Losing vision in his left eye always will be a part of his basketball story.
But Notre Dame freshman forward Eric Katenda is determined not to let it be the story for his college career.
Finishing up summer school and anxious to return home this weekend to see family and friends in his native Paris, Katenda dives into any discussion about the severed optic nerve he suffered last summer during a pickup game as quickly as he bounced from bed the last six weeks for another 6 a.m. workout with his teammates.
He'd rather the topic remain asleep. For good.
"It's a non-factor," Katenda said Tuesday morning in the Irish locker room lounge. "Everything that has happened in my life has happened for a reason. I'm going to keep praying and keep positive.
"But I came here to hoop and go to school. That's all I want to talk about."
Until Katenda appears in a game, all anyone has to go on is a back story that is borderline heartbreaking. Having committed to Notre Dame in the spring of 2011 while a senior at Sunrise Christian Academy in Bel Aire, Kan., Katenda embraced the opportunity as a dream come true. He couldn't wait to get to campus. To play basketball in the Big East. To step on the floor at Madison Square Garden. Katenda's arrival in South Bend was delayed by some seven months thanks to a series of circumstances.
When the NCAA Eligibility Center red-flagged and then slow-played acceptance of his college transcript over an Introduction to English course that Katenda had taken while at prep school in Cheshire, Conn., he was not allowed to enroll in summer school in June 2011. He remained at the home of his guardian outside Washington. Going for a rebound while playing pickup basketball, Katenda was poked in the eye by a finger of another player. Doctors initially had to be convinced as to how the injury happened. Rarely had they seen something so small do such damage. Surgery could not save his vision.
The injury also cost Katenda his first semester at Notre Dame. Given time by Irish coach Mike Brey to adjust to his new world, Katenda didn't arrive on campus until the week Notre Dame beat then-No. 1 and undefeated Syracuse to start a school-record nine-game Big East win streak. Each time the Irish traveled to another league game, Katenda, because he was a mid-year enrollee, remained on campus.
"It was tough coming in mid-year," he said. "I really had a hard time trying to fit in, getting to know the guys, getting into practices and trying to play."
Brey made good on his vow to take it slow with Katenda, who was limited to light shooting and skill work the rest of the 2011-12 season. To ease the adjustment, Brey also deemed Katenda off-limits for interviews. In spring and summer, Katenda, who wears protective glasses, has been able to turn loose his athleticism, as well as his 6-foot-8, 235-pound frame.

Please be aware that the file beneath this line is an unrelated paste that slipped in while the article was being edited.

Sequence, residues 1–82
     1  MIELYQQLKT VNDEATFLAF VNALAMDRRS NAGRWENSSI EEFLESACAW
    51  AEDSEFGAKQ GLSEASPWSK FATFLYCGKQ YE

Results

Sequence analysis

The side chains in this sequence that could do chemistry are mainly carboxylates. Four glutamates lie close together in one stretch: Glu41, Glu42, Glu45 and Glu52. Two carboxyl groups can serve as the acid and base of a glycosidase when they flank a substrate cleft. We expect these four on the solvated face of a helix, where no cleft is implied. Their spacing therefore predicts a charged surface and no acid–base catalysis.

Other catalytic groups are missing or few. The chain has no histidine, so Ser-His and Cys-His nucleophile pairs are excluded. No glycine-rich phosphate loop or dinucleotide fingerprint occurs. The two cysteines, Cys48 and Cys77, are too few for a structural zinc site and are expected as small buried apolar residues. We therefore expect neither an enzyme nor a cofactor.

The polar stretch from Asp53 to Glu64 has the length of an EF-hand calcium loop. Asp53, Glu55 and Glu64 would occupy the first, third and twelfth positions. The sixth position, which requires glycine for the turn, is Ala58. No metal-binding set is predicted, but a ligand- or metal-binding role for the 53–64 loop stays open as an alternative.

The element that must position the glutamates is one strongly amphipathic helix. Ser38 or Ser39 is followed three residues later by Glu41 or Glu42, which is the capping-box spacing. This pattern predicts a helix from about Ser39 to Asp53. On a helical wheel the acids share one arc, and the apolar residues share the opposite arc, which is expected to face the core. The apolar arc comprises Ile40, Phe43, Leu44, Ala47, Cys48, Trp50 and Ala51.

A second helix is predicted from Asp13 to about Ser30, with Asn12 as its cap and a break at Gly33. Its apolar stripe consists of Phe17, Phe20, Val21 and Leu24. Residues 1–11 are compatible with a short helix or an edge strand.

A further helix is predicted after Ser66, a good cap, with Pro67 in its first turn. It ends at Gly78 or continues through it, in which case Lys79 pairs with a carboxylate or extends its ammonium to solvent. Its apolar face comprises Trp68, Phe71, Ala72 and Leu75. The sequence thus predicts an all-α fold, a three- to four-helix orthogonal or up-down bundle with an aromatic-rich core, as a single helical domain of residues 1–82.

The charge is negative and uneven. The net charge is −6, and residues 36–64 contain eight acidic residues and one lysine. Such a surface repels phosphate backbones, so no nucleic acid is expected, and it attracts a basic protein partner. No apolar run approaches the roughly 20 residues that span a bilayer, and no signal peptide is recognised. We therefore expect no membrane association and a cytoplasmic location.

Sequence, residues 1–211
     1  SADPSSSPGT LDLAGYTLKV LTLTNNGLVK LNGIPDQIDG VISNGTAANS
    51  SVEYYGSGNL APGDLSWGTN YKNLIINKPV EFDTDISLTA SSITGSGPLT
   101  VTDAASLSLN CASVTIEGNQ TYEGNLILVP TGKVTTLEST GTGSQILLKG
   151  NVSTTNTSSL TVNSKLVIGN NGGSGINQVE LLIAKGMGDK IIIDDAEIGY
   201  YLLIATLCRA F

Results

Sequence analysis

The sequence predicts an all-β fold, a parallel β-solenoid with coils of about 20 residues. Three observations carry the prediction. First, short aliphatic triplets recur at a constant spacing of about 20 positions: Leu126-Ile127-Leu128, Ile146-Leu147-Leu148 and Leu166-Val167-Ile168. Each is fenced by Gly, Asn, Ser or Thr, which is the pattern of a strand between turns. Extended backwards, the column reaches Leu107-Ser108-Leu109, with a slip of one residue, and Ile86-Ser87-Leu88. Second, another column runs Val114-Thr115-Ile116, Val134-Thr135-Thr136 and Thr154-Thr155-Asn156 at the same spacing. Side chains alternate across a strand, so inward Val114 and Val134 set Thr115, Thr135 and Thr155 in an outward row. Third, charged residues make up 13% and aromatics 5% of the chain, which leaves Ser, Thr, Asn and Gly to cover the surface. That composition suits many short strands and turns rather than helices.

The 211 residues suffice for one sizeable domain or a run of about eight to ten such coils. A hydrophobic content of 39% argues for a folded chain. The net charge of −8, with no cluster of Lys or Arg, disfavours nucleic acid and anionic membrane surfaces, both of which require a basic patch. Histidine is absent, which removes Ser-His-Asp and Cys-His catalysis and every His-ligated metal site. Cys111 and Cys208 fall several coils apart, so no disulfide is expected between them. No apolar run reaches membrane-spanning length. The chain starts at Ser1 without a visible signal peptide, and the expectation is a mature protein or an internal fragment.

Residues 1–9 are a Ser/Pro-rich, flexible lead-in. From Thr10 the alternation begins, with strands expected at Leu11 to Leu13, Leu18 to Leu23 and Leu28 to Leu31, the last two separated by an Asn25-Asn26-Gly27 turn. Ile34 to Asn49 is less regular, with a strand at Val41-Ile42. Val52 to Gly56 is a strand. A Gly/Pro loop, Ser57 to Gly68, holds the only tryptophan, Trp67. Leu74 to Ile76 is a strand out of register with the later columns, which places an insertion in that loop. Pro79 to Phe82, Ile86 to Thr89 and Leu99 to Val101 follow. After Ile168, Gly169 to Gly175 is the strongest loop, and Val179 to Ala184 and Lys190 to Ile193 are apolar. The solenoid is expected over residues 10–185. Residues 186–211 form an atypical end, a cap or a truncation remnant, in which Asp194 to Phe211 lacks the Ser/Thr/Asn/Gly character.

"It's on me to keep working and get better and get back to the level that I was at and compete," Katenda said. "I just need to keep working, stay focused and not let anything get me down.
"I'm getting there."
One sequence in a recent pickup game underscores that statement. Able to work free in the lane, Katenda caught an entry pass, split two defenders with his dribble, ignored any traffic around him, then rose quickly and confidently for a one-handed tomahawk dunk. Katenda banged the ball off the back of the rim, but the scene was a snapshot of the athletic ability fitting of someone who averaged 15.5 points, 7.2 rebounds, 3.0 blocks, 2.0 assists and 2.0 steals his senior season.
"He's got the look," said Brey, who spotted Katenda shooting alone in the Pit earlier this week late at night. "Physically and athletically, he's a Big East body. He's very competitive. He's built to play the game."
Katenda admits to having had good days and bad during summer practices and pickup sessions. A good day is when he still does everything he did before the injury -- score, rebound, pass, block shots, defend. Bad days arrive when Katenda struggles to decipher a ball screen on his left or back side.
"I have not seen a lack of eyesight handicap him," Brey said.
As much as he vows to stay positive, down time for Katenda bring down days. When he's active and engaged in the classroom or on the court, Katenda rarely ponders his predicament. Not so during idle hours in the Keough Hall dorm room he shared this summer with Irish sophomore teammate Pat Connaughton.
"I don't even think about my eye when I play," he said. "But when I start thinking about it, I'm like, 'Oh, shoot, I got hurt and can't see.' Then it starts bothering me.
"It's just something you have to live with."
Katenda will have time to figure how he fits into a 2012-13 Irish equation that includes a loaded front line of seniors Jack Cooley, Tom Knight and Garrick Sherman along with fellow freshman Zach Auguste. Having arrived after the semester break last winter, Katenda will not be eligible until the end of the fall semester. He may sit out this season to preserve a year of eligibility and better get a grasp on the Irish system.
"He understands that this is a process," Brey said. "His attitude has been great."
It's an attitude that has seldom changed since his life did.
"As soon as I get my confidence back, my game is still there," Katenda said. "I know I can help these guys in some way."
Staff writer Tom Noie: